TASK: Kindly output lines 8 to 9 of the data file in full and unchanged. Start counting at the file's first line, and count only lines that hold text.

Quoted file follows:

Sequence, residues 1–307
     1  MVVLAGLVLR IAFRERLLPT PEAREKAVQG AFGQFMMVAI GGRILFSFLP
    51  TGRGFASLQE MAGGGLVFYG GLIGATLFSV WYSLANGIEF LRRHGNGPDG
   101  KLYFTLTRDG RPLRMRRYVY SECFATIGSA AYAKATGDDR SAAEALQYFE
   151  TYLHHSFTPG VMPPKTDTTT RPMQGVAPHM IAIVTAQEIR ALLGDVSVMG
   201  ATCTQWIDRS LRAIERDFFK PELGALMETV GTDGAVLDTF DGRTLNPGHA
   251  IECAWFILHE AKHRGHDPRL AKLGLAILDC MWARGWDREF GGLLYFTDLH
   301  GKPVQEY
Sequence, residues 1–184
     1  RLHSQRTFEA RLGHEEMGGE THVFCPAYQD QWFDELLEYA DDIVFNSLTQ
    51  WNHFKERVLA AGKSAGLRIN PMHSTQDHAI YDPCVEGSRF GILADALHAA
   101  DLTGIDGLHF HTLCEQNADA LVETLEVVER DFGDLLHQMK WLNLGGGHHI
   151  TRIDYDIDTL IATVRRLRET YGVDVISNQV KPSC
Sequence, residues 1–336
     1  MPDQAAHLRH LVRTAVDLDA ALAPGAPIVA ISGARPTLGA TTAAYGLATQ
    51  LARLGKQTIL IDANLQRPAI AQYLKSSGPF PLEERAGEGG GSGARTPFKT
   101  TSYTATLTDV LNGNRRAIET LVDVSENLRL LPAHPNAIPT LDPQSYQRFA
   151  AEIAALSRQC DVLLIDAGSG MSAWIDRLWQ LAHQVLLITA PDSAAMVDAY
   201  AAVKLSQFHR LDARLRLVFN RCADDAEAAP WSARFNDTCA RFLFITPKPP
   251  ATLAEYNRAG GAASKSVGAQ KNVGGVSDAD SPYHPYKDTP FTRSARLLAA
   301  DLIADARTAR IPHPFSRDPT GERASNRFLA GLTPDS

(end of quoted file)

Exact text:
   301  GKPVQEY
Sequence, residues 1–184